Two weeks before the state’s recreational cannabis sales laws are scheduled to go into effect on January 1, the Santa Barbara County supervisors are scrambling to pass their own regulations. The board voted 4-1 Thursday to draft letters of authorization so cannabis operators can remain legally open under the new state laws.
The process has been entirely unprecedented and extremely convoluted. Lawmakers in cities and counties throughout California have been tasked with creating ordinances so cannabis businesses that have operated in the shadows can thrive. At the same time, state and local government entities want to collect as much tax revenue as possible from all parts of the cannabis industry, from cultivation to retail.
The conflict between regulating and taxing an industry that the county hopes will be successful came to head on Thursday on the 4th floor of the county administration building, where cannabis operators and annoyed neighbors packed the pews for the most recent of numerous public hearings held this year. For the first time, they publicly discussed the tax rate and drafted the letter of authorization.
Emotions ran high during the seven-hour meeting. The air scrubbers humming in the back of the room served as an unfortunate reminder of the Thomas Fire raging the Santa Barbara’s backyard.
But the county supervisors did make some progress. At the tail end of the meeting, they collectively rewrote the letter of authorization that was projected on the screen. They added ideas from Peter Candy of Hollister & Brace, who represents the Santa Barbara County Cannabis Business Council.
Under county code, medical marijuana operations that opened before January 2016 are permissible. Cannabis operators lobbied the county supervisors to create a way to keep them open when the new state laws come into effect in 2018. “We produce a living product,” said one cannabis grower, adding he would have to lay off 60 employees had the supervisors not approved the letters of authorization.
County officials do not have records of which businesses are actually permissible, and adequate enforcement teams have not been funded. County planners have responded to 40 complaints filed by frustrated neighbors. They cited 29 cannabis businesses that were clearly not in compliance with medical marijuana rules. County supervisor Das Williams has likened that effort to county inspectors going after illegal garages. That, however, is expected to change when the county hires 20 employees from departments including sheriff, planning, agriculture commission, fire, and the treasure tax collector.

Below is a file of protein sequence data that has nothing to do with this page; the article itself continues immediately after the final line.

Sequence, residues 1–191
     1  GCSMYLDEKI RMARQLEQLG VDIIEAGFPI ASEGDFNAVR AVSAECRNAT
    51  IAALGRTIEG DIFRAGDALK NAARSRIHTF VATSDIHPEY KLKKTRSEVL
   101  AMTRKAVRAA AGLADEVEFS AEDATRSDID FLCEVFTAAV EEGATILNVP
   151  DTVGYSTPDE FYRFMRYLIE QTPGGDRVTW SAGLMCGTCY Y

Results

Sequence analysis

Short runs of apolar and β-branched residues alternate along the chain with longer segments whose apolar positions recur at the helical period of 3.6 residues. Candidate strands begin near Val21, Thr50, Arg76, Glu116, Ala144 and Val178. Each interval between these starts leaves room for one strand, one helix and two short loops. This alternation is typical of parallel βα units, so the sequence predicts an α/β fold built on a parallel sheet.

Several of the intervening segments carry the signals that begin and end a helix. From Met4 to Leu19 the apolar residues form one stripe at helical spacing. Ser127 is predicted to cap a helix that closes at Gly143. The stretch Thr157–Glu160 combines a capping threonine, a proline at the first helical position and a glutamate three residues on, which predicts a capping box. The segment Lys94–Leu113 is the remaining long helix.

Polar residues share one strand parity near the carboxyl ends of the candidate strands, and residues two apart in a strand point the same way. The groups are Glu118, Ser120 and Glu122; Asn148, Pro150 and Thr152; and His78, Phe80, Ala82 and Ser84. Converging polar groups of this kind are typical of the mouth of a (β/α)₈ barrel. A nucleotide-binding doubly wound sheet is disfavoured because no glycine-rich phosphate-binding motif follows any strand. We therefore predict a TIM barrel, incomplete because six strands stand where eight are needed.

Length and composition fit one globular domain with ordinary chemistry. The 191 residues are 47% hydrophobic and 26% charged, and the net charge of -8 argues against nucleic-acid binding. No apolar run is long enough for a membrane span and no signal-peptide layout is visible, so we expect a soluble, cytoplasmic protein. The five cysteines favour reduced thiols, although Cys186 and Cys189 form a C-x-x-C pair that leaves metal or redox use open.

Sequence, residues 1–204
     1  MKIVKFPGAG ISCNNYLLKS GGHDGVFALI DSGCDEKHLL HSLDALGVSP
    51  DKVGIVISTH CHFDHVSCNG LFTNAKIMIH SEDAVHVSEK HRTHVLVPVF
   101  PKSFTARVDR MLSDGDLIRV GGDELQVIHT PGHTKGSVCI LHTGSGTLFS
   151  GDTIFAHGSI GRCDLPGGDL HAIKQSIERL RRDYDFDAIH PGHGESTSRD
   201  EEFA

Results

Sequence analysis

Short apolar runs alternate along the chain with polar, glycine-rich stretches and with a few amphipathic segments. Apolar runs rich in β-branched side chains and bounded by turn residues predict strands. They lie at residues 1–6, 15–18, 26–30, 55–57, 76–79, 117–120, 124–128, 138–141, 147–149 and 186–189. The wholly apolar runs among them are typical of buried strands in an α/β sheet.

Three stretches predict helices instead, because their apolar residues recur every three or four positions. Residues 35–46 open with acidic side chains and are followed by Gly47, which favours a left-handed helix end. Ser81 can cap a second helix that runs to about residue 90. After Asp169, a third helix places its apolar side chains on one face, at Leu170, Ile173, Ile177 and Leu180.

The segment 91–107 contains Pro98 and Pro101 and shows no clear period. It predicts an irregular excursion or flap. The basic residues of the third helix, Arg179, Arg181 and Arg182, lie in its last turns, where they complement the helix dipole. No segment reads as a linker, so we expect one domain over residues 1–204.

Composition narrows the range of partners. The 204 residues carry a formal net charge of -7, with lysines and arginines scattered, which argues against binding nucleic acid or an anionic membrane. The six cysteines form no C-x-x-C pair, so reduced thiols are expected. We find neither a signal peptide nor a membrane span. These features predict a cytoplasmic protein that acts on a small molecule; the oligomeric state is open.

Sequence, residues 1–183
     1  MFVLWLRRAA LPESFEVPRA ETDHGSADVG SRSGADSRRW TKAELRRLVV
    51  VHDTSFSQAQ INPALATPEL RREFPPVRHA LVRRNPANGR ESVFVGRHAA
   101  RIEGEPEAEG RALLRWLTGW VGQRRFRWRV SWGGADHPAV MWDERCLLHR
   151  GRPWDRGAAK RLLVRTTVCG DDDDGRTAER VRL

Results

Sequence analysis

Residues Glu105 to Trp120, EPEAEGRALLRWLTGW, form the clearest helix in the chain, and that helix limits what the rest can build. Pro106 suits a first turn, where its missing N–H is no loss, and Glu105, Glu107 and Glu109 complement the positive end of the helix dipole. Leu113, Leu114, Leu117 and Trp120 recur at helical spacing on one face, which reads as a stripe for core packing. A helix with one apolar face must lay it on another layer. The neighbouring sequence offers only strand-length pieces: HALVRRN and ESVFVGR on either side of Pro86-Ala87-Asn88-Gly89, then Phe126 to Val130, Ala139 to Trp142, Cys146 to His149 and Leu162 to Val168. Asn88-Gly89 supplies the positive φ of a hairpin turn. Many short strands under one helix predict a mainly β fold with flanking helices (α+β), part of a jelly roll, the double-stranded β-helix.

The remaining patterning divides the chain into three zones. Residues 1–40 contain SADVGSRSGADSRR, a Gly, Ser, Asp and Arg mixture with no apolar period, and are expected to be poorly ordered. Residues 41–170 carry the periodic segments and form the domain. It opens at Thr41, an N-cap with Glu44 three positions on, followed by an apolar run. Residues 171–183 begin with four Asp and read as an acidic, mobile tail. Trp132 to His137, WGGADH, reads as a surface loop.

“I was really excited to see the very beefy enforcement team we are putting together,” said county supervisor Steve Lavagnino, who worked with Williams on pieces of the draft ordinance. “It was more than what I anticipated.” County supervisor Janet Wolf called for more enforcement, including for additional substance abuse treatment programs. Alice Gleghorn, head of the county’s Behavior Wellness department, noted most treatment programs are federally funded.
The county plans to beef up its enforcement teams to target the black market of marijuana, whether or not they ultimately decide to permit recreational cannabis, Williams said. “For Carpinteria, we want more enforcement — both neighborhood folks and the ones who purport to be reputable growers. We aren’t going to see it until there is the revenue to pay for it.”
According to the county’s consultanting firm, HdL, other counties are planning to spend $3.1 million to permit and enforce about 160 cannabis businesses. The county’s self-reported registry indicates Santa Barbara operators will apply for anywhere from 160 to 650 licenses. Fees paid for by the applicants will only make up a fraction of enforcement costs.
Exactly how much money the county will have to work with remains to be seen. It depends largely on the tax rate voters must approve next year and on the market price of cannabis. As more operators rush to get into the cannabis industry, the price is expected to drop drastically — from its current value of roughly $1,200 per pound to as low $500.
That conversation began in earnest on Thursday. Dozens of cannabis businesspeople urged the county supervisors to set the tax rates low enough so as to not choke businesses in this new environment. Their pleas were somewhat dismissed and at one point openly laughed at.
“My job is not to make sure all of these cannabis businesses survive,” Williams told the audience of cannabis growers and manufacturers. “Some of you are going to go out of business. It’s not our fault that the market price is dropping like a stone. We cannot do something as laughable as a 1 percent tax. The city has a 20 percent. The state has [somewhere from 20 percent to 40 percent].”
County supervisor Peter Adam noted that the cannabis industry would soon realize what the business community knows well: it’s tough to do business in Santa Barbara County.
The discussion about taxes will return to the Board of Supervisors in early January.